09 March 2018 | The Conversation
  • Understanding that undetectable equals untransmissible improves people's sex lives

    People who understood it was impossible to pass on HIV with an undetectable viral load experienced intimacy and connection with their sexual partners.

    14 February 2018 | Gay Star News
  • Consent: the unspoken problem on the chemsex scene

    “It’s hard because you totally blame yourself, you totally think that it’s your fault. You think that you shouldn’t have gone home with this guy, you shouldn’t have been in that club, you shouldn’t have taken something. It all seems valid in your own head but at the end of the day, it’s not your fault.”

    23 October 2017 | GMFA
  • Consent and the gay community

    When was the last time you were groped in a bar? Did you tell him it wasn’t acceptable or did you just let it go? According to our survey, 62% of you have been touched or groped in a bar or club without your express permission. And, unfortunately, that’s just the tip of the iceberg.

    20 October 2017 | GMFA
  • Guidelines for the sexual and reproductive health of people living with HIV - consultation open

    These BHIVA / BASHH / FSRH guidelines are an update to the 2007 UK guidelines for the management of sexual and reproductive health (SRH) of people living with HIV infection (PLWH). They are open for consultation to Friday 8 December 2017.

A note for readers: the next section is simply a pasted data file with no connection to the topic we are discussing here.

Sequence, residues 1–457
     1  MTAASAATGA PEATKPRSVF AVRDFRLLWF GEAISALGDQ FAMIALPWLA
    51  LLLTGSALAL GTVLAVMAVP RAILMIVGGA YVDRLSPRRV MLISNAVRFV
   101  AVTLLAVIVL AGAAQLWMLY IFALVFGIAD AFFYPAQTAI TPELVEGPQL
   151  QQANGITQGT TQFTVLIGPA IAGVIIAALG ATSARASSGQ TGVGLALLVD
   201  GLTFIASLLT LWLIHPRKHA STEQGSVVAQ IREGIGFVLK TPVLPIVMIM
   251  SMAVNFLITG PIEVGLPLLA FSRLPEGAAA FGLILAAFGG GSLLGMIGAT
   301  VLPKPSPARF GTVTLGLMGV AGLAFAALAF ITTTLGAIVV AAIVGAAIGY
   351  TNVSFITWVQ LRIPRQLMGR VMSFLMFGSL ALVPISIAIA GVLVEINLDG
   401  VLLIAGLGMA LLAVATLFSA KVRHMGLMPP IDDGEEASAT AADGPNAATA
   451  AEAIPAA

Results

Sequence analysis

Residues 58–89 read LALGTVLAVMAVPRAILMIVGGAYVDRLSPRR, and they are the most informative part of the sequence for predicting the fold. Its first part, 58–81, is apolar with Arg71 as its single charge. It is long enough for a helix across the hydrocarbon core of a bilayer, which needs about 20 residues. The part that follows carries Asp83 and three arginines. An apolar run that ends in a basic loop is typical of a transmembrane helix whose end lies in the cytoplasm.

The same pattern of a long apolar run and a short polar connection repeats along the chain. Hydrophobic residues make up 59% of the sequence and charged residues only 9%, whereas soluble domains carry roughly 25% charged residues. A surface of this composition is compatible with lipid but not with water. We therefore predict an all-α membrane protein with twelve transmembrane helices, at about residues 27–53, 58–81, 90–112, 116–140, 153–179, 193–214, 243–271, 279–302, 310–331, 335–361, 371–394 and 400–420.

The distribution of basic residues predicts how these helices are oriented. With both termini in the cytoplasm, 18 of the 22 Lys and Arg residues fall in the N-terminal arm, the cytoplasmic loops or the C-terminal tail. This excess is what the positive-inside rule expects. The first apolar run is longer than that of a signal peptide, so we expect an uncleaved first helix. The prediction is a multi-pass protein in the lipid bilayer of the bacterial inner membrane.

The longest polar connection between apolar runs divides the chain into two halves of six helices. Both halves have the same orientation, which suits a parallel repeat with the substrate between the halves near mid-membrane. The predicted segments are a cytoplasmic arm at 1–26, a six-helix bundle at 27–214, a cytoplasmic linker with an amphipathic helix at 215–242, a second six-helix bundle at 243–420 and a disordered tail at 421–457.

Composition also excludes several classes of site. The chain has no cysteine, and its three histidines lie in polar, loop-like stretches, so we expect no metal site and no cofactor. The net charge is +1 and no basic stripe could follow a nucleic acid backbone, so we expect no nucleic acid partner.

13 October 2017 | BHIVA
More news

Our information levels explained

  • Short and simple introductions to key HIV topics, sometimes illustrated with pictures.
  • Expands on the previous level, but also written in easy-to-understand plain language.
  • More detailed information, likely to include medical and scientific language.
  • Detailed, comprehensive information, using medical and specialised language.
Community Consensus Statement on Access to HIV Treatment and its Use for Prevention

Together, we can make it happen

We can end HIV soon if people have equal access to HIV drugs as treatment and as PrEP, and have free choice over whether to take them.

Launched today, the Community Consensus Statement is a basic set of principles aimed at making sure that happens.

The Community Consensus Statement is a joint initiative of AVAC, EATG, MSMGF, GNP+, HIV i-Base, the International HIV/AIDS Alliance, ITPC and NAM/aidsmap
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This content was checked for accuracy at the time it was written. It may have been superseded by more recent developments. NAM recommends checking whether this is the most current information when making decisions that may affect your health.

NAM’s information is intended to support, rather than replace, consultation with a healthcare professional. Talk to your doctor or another member of your healthcare team for advice tailored to your situation.